3. Select the Application: synthLAB installer script.
(Be sure you have the disk selected where you want the application installed. We recommend you install onto your startup disk.)

4. Click the Install button.
The installer script will place synthLAB's files into their proper locations.

After installation has been completed successfully, you'll need to quit the Installer and reboot your machine. If you have used the Installer as outlined above, you can skip to “Opening synthLAB.”

Special instructions - placing synthLAB files without the Installer

If you are not using the Apple IIGS Installer, you will need to place a number of files in their proper location on your system disk. Copy Tool035 (MIDI Synth) to the Tools folder. The Tools folder is found inside your boot System folder. If your boot disk is already full and you don’t have any more room available, leave MIDI Synth in the same folder with synthLAB. When it initially runs, synthLAB tries to load MIDI Synth from the system Tools folder. If it can’t find it there, it looks for it in its own folder.

If you plan on using a MIDI device along with synthLAB, you'll also need to install and activate MIDI capabilities in your system using the new MIDI Control Panel. First move the file called MIDI from the synthLAB disk to the CDev folder on your boot disk (found inside the System folder). Next, move the Apple.MIDI driver from the SystemTools1 disk's System:Drivers folder and place it into the System:Drivers folder on your boot disk. Before running synthLAB, run the Control Panel NDA from the Apple menu. Select the Control Panel called MIDI and enter the correct information which describes your MIDI setup (see Appendix A). When complete, close all Control Panels and launch synthLAB.

• Using synthLAB

After re-booting your system disk, locate and open the synthLAB folder.

- Double-click on the synthLAB icon to launch the program.

After synthLAB has loaded, you should hear and see a demonstration of music playing at the title screen. If synthLAB encountered an error while trying to start, you'll get an error message telling you what is wrong.

When you're through with the demonstration...

- Press either the IIGS keyboard Return key or click on the arrow button located at the bottom right of the screen to exit.

The screen now shows the Sequencer Page, with deck control buttons on the left and eight sets of track controls on the right of the screen. A full explanation of these controls follows later in this manual.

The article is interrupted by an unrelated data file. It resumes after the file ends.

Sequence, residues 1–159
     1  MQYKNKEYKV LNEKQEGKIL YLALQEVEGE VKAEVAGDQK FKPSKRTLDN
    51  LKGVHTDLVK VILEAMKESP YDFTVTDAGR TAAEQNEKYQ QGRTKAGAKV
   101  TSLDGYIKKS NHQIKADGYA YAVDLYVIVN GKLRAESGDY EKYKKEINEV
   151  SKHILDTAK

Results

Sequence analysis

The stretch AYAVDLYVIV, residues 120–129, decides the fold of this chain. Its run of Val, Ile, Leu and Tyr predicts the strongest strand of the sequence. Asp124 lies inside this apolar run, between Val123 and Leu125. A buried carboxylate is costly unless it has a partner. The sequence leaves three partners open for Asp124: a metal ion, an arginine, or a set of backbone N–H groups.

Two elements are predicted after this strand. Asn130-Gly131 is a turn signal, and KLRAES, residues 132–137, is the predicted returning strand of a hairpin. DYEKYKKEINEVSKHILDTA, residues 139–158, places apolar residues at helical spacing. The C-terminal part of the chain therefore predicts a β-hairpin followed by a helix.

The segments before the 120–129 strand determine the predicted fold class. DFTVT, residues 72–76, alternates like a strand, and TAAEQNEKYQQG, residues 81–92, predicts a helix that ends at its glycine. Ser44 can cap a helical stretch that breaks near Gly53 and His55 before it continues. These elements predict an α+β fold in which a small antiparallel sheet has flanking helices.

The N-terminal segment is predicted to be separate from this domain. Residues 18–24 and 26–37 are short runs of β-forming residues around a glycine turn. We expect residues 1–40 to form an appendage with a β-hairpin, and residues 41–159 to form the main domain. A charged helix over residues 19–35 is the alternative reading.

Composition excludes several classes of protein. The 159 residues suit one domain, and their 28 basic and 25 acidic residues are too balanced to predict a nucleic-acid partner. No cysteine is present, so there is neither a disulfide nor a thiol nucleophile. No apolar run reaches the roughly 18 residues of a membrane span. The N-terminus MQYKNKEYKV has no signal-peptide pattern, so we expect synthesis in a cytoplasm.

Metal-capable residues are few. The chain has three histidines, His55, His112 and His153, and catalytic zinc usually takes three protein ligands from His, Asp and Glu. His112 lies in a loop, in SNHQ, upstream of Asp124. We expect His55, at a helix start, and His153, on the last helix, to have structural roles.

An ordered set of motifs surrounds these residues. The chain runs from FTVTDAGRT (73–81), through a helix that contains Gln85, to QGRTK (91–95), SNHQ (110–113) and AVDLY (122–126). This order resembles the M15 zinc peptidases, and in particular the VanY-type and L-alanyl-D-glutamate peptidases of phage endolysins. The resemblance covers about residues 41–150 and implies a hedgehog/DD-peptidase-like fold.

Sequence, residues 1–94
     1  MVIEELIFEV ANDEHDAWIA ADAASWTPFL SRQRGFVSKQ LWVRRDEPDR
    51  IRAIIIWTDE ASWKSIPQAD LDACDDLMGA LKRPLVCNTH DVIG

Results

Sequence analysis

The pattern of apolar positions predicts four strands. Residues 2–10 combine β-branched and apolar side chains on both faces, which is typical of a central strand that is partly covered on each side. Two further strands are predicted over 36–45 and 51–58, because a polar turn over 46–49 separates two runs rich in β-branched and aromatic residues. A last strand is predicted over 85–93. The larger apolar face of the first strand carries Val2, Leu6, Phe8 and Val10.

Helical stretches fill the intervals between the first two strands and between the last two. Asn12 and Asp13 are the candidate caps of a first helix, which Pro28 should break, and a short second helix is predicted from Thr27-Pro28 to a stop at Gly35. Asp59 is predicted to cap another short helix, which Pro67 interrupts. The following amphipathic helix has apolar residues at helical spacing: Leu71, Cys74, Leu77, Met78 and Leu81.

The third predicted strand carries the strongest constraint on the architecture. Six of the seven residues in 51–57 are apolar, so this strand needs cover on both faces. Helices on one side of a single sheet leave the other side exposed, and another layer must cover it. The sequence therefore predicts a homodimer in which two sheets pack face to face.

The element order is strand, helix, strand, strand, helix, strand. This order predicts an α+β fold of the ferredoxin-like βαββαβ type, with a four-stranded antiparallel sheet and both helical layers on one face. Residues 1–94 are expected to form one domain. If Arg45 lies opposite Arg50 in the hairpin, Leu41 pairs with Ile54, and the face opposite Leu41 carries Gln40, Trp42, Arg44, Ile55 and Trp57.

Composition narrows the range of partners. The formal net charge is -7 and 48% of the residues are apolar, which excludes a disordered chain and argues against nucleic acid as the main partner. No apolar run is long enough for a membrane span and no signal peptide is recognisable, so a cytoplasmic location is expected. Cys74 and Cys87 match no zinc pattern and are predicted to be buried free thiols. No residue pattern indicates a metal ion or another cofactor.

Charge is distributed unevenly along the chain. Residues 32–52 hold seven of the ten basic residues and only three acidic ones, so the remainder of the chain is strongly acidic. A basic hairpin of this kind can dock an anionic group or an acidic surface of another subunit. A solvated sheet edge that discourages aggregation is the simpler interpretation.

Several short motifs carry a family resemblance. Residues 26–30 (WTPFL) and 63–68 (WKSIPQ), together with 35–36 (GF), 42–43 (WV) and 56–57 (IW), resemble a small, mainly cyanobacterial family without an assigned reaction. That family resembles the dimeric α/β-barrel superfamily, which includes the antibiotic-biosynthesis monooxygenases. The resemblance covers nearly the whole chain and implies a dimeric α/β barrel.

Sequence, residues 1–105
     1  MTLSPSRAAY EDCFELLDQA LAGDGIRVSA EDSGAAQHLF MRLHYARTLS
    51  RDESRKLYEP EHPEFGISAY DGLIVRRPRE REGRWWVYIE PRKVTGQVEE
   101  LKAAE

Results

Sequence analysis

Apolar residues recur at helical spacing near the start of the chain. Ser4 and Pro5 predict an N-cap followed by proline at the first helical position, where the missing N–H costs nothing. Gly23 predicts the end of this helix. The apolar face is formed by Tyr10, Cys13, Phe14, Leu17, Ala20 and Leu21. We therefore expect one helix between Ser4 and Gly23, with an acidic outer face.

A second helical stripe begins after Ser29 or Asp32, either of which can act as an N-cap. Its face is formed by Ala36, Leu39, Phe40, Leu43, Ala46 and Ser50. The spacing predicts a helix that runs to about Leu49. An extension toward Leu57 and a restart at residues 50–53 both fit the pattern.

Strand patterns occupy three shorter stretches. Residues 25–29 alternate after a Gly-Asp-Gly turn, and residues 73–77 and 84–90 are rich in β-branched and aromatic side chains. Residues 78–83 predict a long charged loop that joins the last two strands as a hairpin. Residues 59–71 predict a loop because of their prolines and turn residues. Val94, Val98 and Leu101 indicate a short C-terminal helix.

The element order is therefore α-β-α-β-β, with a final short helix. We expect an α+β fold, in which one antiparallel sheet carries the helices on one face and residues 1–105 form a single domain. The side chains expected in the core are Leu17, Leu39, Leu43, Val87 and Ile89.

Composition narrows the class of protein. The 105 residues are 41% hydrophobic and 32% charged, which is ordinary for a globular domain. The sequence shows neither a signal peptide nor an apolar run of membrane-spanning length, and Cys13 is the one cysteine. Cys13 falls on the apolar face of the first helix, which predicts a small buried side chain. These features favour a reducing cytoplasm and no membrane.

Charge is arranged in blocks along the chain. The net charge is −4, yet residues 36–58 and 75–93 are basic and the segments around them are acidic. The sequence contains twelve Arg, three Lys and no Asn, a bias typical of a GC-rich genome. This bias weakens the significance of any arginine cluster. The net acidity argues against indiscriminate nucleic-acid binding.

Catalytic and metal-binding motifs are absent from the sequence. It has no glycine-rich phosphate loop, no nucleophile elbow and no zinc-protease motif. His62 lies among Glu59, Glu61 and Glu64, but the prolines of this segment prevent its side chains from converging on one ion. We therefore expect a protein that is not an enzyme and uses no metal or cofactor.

If you want, you can load and play some of the sample sequences and instruments.

1. Pull down the File menu item and select Load Sequence...
(Click on the Drive and Open buttons [if required] to locate the list of sequences available on this disk.)

2. Double-click on your selection.
The file dialog box will go away and synthLAB will load in the selected sequence with the appropriate instruments. When the arrow cursor returns, you’re ready to play the sequence.

3. Click on the deck Play button.
Or if you want to watch the notes being played, select the About synthLAB... item from the Apple menu. Either way, the sequence will play for you.

NOTE: To get the full effect from synthLAB, try using a stereo interface card with the output going to an external amplifier and or speaker system.

• synthLAB Overview

synthLAB has three basic parts: a synthesizer, a sequencer and a MIDI driver. Everything synthLAB does relates to one of these parts. Since synthLAB’s main purpose is to create instruments for MIDI Synth, it has controls to manipulate all the parameters defined in an Instrument Record. To play an instrument, we need the synthesizer, so synthLAB has controls for that, too. Finally, there are controls for the sequencer and the MIDI driver.

File Types

When you use a word processor, you typically load your text file, manipulate the file by adding and editing words and sentences to the file, and when you’re finished, you save this file to disk. The word processor creates and manipulates text files. synthLAB, in many ways, is like a word processor. Instead of working on text files, synthLAB works on Instrument and Sequence Files.